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Solving the succession paradox

CFO Insights

In this issue of CFO Insights, we will discuss why succession planning can be an effective part of an organization’s growth strategy and a signature feature of their corporate culture.


While organizations realize that succession planning is an important priority, few manage to execute it well. In fact, a 2014 Deloitte study showed real market frustration with succession planning efforts: While 86 percent of leaders saw leadership succession planning as an “urgent” or “important” priority, only 13 percent believed they did it well.1

The problem? A more recent research effort concluded that most companies doing succession planning are often derailed by a host of symptoms that point back to a common culprit—the failure to recognize and address the impact of human behavior on the succession planning process.2 Few organizations seem to combine a disciplined, data-driven process with a user-friendly, people-centric approach that adequately engages stakeholders. More often than not, companies either avoid succession planning altogether or take a dispassionate, process-oriented approach that minimizes, or even ignores, the very real impact it has on the people involved.

The results of that research suggest that succession planning is most effective when it takes a “centered” approach that focuses on people first while maintaining objectivity and procedural discipline.

Why succession planning matters—and why it is hard

The potential gains from handling succession planning well go far beyond the obvious result of having a steady pipeline of leaders ready to step into new roles. Additional benefits cited by interviewees include a more diverse portfolio of leaders, higher-quality decisions around promotions and developmental investments, enhanced career development opportunities for emerging leaders, a stronger organizational culture, a "future-proofed" workforce, and greater organizational stability and resilience.

However, many participants were also quick to give reasons why they weren’t seeing the expected value (see "Where succession planning falls short," page 4). For example, succession planning, by its very nature, takes years to bear fruit, while leaders are typically rewarded based largely on short-term accomplishments. At the same time, the process can be destabilizing. Organizations may minimize their importance because they don’t want the process to be perceived as a lack of confidence in current executives. Similarly, executives may be hesitant to raise the idea of succession planning, lest it is perceived as signaling their future intentions.

Within finance, there can be advantages and disadvantages when it comes to succession planning for the CFO. On the plus side, the analytical nature of the function may make it more likely that leaders will be comfortable using data to inform their decisions about successors. At the same time, however, the rapid evolution of the CFO’s role—and the relentless pace of change in the digital era—can mean CFOs are perpetually playing catch-up and, thus, are less likely to address long-term planning needs.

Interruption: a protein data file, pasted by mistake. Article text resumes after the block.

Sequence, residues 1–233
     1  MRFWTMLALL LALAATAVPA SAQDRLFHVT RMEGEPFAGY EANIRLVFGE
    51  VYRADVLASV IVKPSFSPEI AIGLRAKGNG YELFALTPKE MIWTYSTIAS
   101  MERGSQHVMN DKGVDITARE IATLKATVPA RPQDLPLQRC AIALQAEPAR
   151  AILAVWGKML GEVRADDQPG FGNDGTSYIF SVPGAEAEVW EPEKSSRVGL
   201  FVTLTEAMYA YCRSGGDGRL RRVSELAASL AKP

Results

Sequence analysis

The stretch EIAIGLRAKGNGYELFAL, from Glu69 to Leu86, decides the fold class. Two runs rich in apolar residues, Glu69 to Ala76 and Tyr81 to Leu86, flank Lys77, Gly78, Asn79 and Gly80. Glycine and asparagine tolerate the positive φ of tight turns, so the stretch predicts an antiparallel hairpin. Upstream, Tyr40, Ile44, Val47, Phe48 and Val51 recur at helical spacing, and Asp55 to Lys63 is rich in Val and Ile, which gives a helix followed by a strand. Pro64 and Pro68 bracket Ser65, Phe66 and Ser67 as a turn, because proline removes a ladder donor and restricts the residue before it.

Still, succession planning can be a critical differentiator between a good CFO—and a great one (see "Journey to CFO: Lessons for the next generation," CFO Insights, July 2018). CEOs and boards expect their CFOs to have a deep bench of talent prepared to step into any leadership gap—an asset critical to the entire enterprise, not just the finance organization. Given the larger trends at play, however, their expectations of what’s needed on that bench have broadened. Instead of just fundamental technical skills, future finance leaders are expected to drive change, exert influence without using numbers, nurture talent, and serve as strategic advisors to other parts of the organization. And it is up to the CFO investing in that talent to both pinpoint and distinguish between leadership attributes (meaning innate qualities such as self-confidence, conceptual thinking, emotional intelligence, willingness to experiment, etc.) and leadership capabilities (meaning skills that can be learned such as influence, business judgment, execution, building talent, etc.)—and project what balance of traits will be needed several years into the future.

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Achieving a centered approach

Current approaches to succession planning can be classified into four types (Figure 1). Three reflect how most surveyed organizations currently operate, and one represents what the research suggests is most likely to make succession planning a strong lever for growth.

  • Comfortable. Organizations using an informal, intuition-driven approach to succession planning leave these decisions to a small group of leaders who tend to select successors based less on objective data than on reputation and tenure. This approach is often found at founder-based, private companies that continue to conduct business in an old “family business” style regardless of their size. While it helps maintain the old culture, it is fraught with bias and can lead to complacency and stagnation.
  • Compliant. Many other organizations recognize the importance of standardized processes, objective data, and a regular cadence of activities to structure their succession planning decisions. But with more immediate priorities competing for leaders’ time, these tools and processes can fall by the wayside, allowing subjective decision-making to take over. This can be particularly evident at organizations where the onus for succession planning rests explicitly with the human resources (HR) function.